The Magpie Salute - 'High Water I'

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The Magpie Salute - 'High Water I'

Music is the winner here on an album that's a contender for Release Of The Year,.

When Rich Robinson announced last year that he would be using a collective of talents – musical and vocal – to explore electric, piano-heavy music, it was rather exciting, even if the debut relied on covers.

This new offering even starts with a triumphal fanfare and cheer, until a ragged The Faces/Rolling Stones-like cheeky vibe teases out a filthy vocal from John Hogg and some elastic bass with a falling-over riff – 'Mary The Gypsy' is almost perfect. There's bucolic, woozy Led Zeppelin-like acoustic stuff too with a robust yet sweet 'High Water', a song on a quest for something it doesn't want to find. Hogg is all tight Mick Jagger power with a bunch of Steve Marriott on the single 'Send Me An Omen', but the Monkees-sounding harmonies are out of left field and break through the tough wall of guitars, everything struggles beautifully here, but it all clears for the simple bass and souped-up guitars of 'Can You See' which allows a rabbit hole wig out too.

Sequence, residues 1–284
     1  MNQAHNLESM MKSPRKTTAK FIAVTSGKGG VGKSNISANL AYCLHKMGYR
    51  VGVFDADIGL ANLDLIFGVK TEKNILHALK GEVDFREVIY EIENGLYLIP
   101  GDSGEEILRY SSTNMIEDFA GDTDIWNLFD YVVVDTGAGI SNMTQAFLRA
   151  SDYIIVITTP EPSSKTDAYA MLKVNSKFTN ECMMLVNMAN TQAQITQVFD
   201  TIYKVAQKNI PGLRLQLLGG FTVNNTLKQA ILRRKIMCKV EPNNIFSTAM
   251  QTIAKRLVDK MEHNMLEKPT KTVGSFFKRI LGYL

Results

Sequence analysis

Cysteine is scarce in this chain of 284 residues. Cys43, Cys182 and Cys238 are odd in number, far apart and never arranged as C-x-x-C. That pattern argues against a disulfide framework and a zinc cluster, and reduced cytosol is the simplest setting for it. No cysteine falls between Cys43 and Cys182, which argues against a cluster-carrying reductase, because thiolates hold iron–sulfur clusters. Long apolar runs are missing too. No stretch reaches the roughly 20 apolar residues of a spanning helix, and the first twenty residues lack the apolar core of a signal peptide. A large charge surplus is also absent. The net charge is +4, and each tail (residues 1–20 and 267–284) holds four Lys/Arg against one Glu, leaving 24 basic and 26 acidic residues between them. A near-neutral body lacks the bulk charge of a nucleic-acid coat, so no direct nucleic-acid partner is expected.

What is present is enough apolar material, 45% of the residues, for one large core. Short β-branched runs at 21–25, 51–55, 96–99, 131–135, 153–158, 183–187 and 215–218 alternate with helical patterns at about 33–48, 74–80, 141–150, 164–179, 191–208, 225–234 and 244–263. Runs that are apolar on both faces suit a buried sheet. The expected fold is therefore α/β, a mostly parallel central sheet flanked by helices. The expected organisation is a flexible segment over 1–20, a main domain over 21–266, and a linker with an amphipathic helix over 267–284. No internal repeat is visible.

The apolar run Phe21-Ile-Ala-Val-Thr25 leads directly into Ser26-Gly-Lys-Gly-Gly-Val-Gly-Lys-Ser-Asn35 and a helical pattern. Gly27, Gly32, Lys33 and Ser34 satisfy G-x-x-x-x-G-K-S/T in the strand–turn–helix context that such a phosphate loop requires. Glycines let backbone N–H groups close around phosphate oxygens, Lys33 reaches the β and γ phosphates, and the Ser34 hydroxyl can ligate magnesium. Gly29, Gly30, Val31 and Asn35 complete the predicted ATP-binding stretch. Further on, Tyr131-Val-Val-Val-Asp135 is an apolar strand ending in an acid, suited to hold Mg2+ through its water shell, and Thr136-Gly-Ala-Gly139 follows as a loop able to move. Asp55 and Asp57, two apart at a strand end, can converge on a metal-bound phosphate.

This tells some beautiful stories, 'Sister Moon' came from Robinson and Hogg sitting together, talking, learning from and learning to love each other, just doing that for twenty-four hours, an insistent piano line and beat allow swishes of paint on top, everything takes as long as it takes, and everything is gorgeous. However, it's not as much of a painted harlot as the swaying, teasing 'Take It All' (which is okay), while 'Hand In Hand' brings us all around the fire for a sing-along with handclaps via acoustic and piano purity.

This feels like The Magpie Salute have had time to get to know each other and produced something all their own, more of a sonic shout than many people thought it would be (the absolute slap midway through 'For The Wind' is undeniable), but it remains a beautiful whisper of sun-kissed breezes at times. Not many albums can do that and not many have this range of talents. Robinson wants The Magpie to be a cousin of The Crow(es), the Salute a decision to come in peace. This has peace at its core, a love of each other and the music they find, it's a rangy album with that seventies feel where most things can sit side by side with no odd looks. Music is the winner here on an album that's a contender for Release Of The Year, plus there's the delicious possibility of 'High Water II' arriving soon...

Steve Swift

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